Sleep Paralysis

Scientists classify the phenomenon of sleep paralysis as one of several arousal malfunctions called parasomnias. These sleep disorders, which include sleepwalking, sleep talking, night terrors, and other abnormalities, generally are more common in childhood and are usually outgrown by the time individuals reach adulthood. Yet, these disorders may also be induced when an adult is sleep deprived. 

Experiencing paralysis during sleep is frequently associated with the condition of narcolepsy, which is a sleep disorder associated with excessive daytime sleepiness.

Someone suffering from this paralysis would not be able to move or talk when falling asleep or waking up. The inability to move may last for several minutes.

A person may panic when this occurs because of the inability to move. Occasionally this condition occurs along with hypnagogic hallucinations (hallucinations which occur during the bridge between sleep and wakefulness).

The vivid hallucinations may add to the person's fright.The presence of the paralysis or the hallucinations in and of themselves is not necessarily an indication of narcolepsy as both conditions are found in the general population.

Most people experience a temporary paralysis during REM stages sleep, when dreams occur. During REM, muscles can be temporarily paralyzed so that people do not act out their dreams. The REM stages of sleep make up about a quarter of an individuals total time sleeping. The initials REM stage begins by the second hour of sleep and an individual floats in and out of REM four or five times during the course of a night. For learn more about REM, click here: REM Sleep.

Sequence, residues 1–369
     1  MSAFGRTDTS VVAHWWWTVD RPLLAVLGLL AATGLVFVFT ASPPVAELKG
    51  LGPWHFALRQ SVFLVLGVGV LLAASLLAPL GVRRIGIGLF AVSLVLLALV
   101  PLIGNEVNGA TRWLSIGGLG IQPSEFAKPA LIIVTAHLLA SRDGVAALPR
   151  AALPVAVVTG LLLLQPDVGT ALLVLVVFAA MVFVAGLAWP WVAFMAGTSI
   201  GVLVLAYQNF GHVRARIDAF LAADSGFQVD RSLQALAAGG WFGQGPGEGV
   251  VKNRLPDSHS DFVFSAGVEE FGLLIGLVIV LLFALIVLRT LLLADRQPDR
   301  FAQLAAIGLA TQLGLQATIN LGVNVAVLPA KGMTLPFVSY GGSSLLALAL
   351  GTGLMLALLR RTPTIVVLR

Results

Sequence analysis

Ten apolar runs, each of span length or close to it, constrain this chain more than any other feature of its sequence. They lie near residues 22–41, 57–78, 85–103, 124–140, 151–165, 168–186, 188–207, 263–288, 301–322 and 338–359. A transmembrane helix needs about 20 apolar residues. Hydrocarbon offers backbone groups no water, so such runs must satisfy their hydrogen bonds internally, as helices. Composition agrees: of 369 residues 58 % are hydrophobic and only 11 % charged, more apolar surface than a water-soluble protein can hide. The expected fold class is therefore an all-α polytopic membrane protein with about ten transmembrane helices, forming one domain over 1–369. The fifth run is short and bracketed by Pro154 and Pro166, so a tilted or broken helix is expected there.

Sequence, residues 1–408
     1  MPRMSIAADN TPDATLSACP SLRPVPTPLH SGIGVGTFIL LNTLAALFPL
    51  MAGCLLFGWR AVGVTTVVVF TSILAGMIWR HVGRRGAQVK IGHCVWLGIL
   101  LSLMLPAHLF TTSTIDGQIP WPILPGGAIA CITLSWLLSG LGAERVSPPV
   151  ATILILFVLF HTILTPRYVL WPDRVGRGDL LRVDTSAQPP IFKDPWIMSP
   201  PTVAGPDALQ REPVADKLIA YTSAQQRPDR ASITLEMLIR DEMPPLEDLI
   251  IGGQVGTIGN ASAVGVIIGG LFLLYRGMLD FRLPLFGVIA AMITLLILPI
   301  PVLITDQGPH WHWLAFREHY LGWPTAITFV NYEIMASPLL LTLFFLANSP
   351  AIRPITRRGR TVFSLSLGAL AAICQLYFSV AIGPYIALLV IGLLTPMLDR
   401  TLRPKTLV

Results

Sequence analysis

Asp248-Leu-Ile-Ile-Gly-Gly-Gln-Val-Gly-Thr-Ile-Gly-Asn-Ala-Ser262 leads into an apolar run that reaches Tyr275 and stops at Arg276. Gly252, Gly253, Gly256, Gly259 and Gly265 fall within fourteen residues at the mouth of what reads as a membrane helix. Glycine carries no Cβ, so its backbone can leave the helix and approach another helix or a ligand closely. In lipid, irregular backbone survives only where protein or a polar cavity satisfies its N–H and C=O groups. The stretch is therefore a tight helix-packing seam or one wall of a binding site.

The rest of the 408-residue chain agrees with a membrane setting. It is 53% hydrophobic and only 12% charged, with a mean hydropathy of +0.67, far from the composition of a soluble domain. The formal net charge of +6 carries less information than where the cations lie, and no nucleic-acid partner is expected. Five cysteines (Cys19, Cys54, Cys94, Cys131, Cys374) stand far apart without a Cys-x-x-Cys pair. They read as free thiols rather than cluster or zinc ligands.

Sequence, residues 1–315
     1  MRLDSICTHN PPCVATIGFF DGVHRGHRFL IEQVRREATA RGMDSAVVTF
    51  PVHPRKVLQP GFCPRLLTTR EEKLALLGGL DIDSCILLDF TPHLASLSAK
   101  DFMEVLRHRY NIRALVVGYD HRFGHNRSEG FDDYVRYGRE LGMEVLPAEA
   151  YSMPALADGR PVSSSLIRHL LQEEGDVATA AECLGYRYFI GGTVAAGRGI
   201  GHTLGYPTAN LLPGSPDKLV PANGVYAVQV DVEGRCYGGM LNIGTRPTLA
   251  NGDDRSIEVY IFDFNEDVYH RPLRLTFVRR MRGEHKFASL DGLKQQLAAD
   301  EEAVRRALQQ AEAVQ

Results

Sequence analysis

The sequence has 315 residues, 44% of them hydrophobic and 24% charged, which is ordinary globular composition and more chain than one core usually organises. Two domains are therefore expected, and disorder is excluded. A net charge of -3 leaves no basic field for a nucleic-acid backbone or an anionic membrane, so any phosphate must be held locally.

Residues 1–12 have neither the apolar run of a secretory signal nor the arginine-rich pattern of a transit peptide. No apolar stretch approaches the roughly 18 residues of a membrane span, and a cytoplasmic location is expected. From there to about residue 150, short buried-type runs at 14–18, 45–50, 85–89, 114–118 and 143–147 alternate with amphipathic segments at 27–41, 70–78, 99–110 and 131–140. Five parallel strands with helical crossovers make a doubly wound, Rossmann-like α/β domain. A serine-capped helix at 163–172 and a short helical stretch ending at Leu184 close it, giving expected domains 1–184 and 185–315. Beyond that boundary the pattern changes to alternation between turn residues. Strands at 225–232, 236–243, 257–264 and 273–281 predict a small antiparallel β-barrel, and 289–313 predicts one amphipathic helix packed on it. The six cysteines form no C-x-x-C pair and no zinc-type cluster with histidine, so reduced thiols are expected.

While that is one explanation, some sleep experts think that when people experience parasomnias, the neurological impulses between the various sleep stages do not function properly. This allows aspects of various stages to bleed over into others, such as feeling paralyzed while awake.

Treatment of narcolepsy, which usually begins when a person is a teenager or a young adult, may help.

Some scientists believe a brain chemical called Hypocretin (hi-po-KREET-in) may be responsible for narcolepsy. People who have narcolepsy generally have low levels of this chemical, though experts do not know why. Narcolepsy has no cure, but lifestyle changes and medication may help.

Sleep paralysis has also been found in animals and is a symptom of narcolepsy in dogs. Pets suffering from disorder may drown if left alone near water.

Related Information - Sleep Paralysis

Causes of Narcolepsy
Narcolepsy Symptoms
Sleep Talking
Exploding Head Syndrome

› Sleep Paralysis

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Copyright 2008-2016 - Sowder Group LLC - Content and images may NOT be reproduced. is for informational purposes and does not serve as medical/health advice, diagnosis, or treatment. The site publisher/owner is not liable for your use of site information. Always consult your physician for all sleep and health concerns.


Published by Jules Sowder

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